Newbie Investor Taxable Account Questions

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mountainsoft
Posts: 10
Joined: Mon Jan 25, 2016 12:39 pm

Newbie Investor Taxable Account Questions

Post by mountainsoft » Mon Sep 24, 2018 9:58 am

My wife and I are planning to retire in five years. I'm already maxing out my IRA contributions but have a little extra money I am thinking of investing in a taxable account. I've been reading books and everything I can find online but they all seem to talk about capital gains related to frequent buying and selling. I just want to set up a simple account with a single fund like Vanguards VTMFX Tax Managed Balanced Fund. Then I would put something like $10K in it and just let it sit there for five years. No buying or selling, at least on my part. Sounds simple but I can't find a simple answer as to what kind of capital gains or other taxes I would be looking at (We're married filing jointly grossing about 65K per year).

I would also like to know what I would be looking at if I am able to add more to the taxable account over the next five years, either with regular monthly contributions, or random contributions when we have extra money.

What happens when we start making withdrawals from the taxable account once we are retired?

Do I have to keep track of all the buying and selling for taxes, or does Vanguard do this for me?

bloom2708
Posts: 4791
Joined: Wed Apr 02, 2014 2:08 pm
Location: Fargo, ND

Re: Newbie Investor Taxable Account Questions

Post by bloom2708 » Mon Sep 24, 2018 10:25 am

Tax-Managed Balanced fund is a good choice. If it matches your desired mix of stocks/bonds.

There are no gains or losses in taxable until you sell.

When you buy, you get X shares at Y cost. That is a lot (spec ID). If you sell some shares from that lot in 10 years and the cost is Y + $10, you pay tax on the gain.

This fund will pay dividends. If you re-invest dividends (a setting on your account), each dividend/interest payment creates a new lot. The dividend itself is a taxable event. You will get a 1099-DIV at year end and have to pay a little bit of tax. Another option is to not re-invest dividends. This sends them to your settlement account. Kind of like the checking account portion of the account.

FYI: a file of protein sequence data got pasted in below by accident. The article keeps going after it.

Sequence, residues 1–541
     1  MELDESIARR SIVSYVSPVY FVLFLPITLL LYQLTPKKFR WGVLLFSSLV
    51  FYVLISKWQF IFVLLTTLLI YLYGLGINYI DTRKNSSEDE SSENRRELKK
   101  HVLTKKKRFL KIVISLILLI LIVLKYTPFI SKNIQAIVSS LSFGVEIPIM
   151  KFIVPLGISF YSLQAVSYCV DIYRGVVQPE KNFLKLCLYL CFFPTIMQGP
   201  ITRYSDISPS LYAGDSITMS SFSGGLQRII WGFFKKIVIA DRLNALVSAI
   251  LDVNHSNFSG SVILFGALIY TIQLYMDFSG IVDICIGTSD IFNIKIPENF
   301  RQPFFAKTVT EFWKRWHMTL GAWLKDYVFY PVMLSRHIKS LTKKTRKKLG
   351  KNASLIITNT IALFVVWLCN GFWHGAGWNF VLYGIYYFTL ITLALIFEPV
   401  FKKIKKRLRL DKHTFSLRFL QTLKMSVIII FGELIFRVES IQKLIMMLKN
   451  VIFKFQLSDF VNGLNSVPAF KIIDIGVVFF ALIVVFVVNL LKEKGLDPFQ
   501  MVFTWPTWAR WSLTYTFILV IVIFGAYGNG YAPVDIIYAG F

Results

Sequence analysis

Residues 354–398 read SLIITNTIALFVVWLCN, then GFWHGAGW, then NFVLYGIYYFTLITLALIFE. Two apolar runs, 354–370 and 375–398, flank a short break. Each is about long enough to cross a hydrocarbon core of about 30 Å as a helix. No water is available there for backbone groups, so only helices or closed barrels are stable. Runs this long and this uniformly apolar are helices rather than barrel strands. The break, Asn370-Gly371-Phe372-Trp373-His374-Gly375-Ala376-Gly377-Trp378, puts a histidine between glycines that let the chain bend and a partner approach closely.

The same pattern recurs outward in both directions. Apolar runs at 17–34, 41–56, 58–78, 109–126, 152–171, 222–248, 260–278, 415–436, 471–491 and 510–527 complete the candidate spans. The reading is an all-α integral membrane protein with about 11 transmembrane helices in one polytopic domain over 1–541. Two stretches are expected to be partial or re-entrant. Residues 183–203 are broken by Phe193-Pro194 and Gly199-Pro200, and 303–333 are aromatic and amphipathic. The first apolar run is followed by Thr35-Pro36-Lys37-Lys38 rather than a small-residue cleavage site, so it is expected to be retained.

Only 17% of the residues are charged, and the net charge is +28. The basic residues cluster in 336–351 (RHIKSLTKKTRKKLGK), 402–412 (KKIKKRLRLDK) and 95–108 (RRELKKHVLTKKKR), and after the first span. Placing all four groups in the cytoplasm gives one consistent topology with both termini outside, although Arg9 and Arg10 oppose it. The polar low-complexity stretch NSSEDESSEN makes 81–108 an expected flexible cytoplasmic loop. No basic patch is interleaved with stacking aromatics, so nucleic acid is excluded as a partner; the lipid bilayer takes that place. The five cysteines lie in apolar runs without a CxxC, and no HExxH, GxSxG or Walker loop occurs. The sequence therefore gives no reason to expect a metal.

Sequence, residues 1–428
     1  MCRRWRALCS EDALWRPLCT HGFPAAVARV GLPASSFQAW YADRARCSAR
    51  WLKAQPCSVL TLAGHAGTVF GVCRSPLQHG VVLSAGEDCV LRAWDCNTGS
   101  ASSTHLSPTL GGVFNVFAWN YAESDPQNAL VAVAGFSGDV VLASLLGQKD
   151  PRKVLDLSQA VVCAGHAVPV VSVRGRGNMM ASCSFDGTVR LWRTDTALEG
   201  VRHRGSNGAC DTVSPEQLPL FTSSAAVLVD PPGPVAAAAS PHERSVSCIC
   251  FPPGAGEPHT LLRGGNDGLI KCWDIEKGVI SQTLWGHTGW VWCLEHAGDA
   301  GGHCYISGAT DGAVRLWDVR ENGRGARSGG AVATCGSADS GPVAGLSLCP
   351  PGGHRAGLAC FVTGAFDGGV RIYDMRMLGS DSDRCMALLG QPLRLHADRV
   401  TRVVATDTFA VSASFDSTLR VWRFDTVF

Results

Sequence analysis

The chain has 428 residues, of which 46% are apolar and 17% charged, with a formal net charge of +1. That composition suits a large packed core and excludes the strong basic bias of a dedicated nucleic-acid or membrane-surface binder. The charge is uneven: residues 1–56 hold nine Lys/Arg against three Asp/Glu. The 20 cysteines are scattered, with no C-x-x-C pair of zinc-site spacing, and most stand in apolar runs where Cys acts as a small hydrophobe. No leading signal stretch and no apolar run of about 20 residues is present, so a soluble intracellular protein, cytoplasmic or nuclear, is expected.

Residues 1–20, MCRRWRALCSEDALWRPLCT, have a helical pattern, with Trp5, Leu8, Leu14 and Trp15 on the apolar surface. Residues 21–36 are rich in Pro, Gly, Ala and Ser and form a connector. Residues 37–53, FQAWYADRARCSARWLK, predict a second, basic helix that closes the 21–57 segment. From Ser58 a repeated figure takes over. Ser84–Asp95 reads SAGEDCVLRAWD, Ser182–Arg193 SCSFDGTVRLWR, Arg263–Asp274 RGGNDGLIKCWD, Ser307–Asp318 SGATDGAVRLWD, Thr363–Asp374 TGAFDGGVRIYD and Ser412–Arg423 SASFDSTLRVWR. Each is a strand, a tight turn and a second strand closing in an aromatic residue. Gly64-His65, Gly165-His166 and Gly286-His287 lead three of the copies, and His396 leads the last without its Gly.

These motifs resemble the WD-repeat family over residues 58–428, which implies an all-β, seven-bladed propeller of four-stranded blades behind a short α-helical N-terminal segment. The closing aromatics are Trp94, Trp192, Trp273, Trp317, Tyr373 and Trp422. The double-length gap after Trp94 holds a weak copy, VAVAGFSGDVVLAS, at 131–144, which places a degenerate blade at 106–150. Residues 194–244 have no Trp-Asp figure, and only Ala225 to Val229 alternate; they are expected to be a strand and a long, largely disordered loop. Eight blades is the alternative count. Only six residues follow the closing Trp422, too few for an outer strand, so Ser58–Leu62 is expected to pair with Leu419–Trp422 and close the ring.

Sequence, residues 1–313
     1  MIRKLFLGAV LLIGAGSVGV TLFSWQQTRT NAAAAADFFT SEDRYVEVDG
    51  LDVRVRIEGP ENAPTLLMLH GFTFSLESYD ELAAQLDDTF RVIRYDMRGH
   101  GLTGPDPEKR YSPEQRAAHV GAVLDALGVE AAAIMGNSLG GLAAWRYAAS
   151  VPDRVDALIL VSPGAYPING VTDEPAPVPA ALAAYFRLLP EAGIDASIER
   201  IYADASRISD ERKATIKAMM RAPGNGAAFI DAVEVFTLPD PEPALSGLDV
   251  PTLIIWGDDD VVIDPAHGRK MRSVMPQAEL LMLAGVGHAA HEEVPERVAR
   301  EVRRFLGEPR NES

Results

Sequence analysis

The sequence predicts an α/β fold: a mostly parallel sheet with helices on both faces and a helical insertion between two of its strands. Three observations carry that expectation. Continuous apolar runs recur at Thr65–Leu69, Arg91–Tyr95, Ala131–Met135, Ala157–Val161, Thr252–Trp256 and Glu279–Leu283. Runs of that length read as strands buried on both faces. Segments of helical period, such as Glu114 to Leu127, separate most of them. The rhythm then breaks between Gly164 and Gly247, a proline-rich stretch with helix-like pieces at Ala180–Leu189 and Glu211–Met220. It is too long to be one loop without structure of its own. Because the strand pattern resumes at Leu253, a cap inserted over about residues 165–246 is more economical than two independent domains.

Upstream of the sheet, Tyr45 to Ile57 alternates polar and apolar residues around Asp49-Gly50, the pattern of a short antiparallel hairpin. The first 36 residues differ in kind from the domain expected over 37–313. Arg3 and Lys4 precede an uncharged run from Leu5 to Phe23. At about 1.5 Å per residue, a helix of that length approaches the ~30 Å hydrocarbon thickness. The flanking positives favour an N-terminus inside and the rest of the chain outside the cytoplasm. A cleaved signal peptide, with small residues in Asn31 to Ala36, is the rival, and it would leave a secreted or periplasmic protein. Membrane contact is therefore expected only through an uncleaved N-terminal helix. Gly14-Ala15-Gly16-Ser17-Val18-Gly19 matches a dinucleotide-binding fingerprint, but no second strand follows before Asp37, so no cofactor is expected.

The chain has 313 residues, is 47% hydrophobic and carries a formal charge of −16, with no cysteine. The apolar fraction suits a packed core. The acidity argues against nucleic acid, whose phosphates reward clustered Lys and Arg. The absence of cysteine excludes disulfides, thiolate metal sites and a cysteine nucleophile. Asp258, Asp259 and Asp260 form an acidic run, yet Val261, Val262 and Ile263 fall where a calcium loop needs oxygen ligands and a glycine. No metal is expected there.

Consider your portfolio as one entity and set your mix of stocks/bonds on the entire portfolio.

After 10 years, you will have the original purchase and then little lots/purchases for the dividends (if you re-invest).

Vanguard will track everything and give you 1099s based on your activity for each year. Don't file until you are sure Vanguard has released all tax documents. They can be a bit slow releasing documents.
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billfromct
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Joined: Tue Dec 03, 2013 9:05 am

Re: Newbie Investor Taxable Account Questions

Post by billfromct » Mon Sep 24, 2018 10:58 am

Since your gross income is about $65k, minus the $24k standard deduction, your taxable income would be about $41k, which would put you in the 12% Federal tax bracket, married filing jointly.

In the 12% tax bracket, Federal long term capital gains & qualified dividends would be taxed at 0%. Short term capital gains & interest would be taxed at your ordinary income tax rate, 12%. If your taxable income goes over $77k, your marginal tax rate would go up to 22%. In the 22% tax bracket, long term capital gains & qualified dividends would be taxed at 15%.

When you say you "max out your IRA contributions", is that in a tax deductible traditional IRA or a Roth IRA. When someone is in the 12% tax bracket, a Roth IRA is probably the better alternative. Distributions out of a Roth IRA are tax free if taken after age 59.5 while a traditional tax deductible IRA distributions are taxed as ordinary income when taken out after age 59.5.

If you sell the shares in a taxable account, Vanguard will send you a statement listing the tax implications. Vanguard will also send an annual statement for dividend, interest, short/long term capital gains distributions even if you don't sell any shares. Normally, these distributions are very small, maybe 1%-2% (just my guess).

bill

mountainsoft
Posts: 10
Joined: Mon Jan 25, 2016 12:39 pm

Re: Newbie Investor Taxable Account Questions

Post by mountainsoft » Mon Sep 24, 2018 11:59 am

which would put you in the 12% Federal tax bracket
Correct.
is that in a tax deductible traditional IRA or a Roth IRA. When someone is in the 12% tax bracket, a Roth IRA is probably the better alternative. Distributions out of a Roth IRA are tax free if taken after age 59.5 while a traditional tax deductible IRA distributions are taxed as ordinary income when taken out after age 59.5.
I have a traditional IRA that I am contributing $6500 per year to. I considered converting to a Roth but several conversion calculators showed there wasn't enough benefit to justify converting.

I considered starting a Roth for my wife, but she would only be able to contribute till she stops working in five years. She could withdraw the contributions at any time, but wouldn't be able to withdraw the earnings for ten years when she turns 59.5.

I want something we can continue contributing to even after we retire (such as reinvesting RMD's later in life), and something we can withdraw from any time without penalties. Right now we're using an online savings account that pays 1.8% interest, but I figured a taxable investment account would probably provide better returns.

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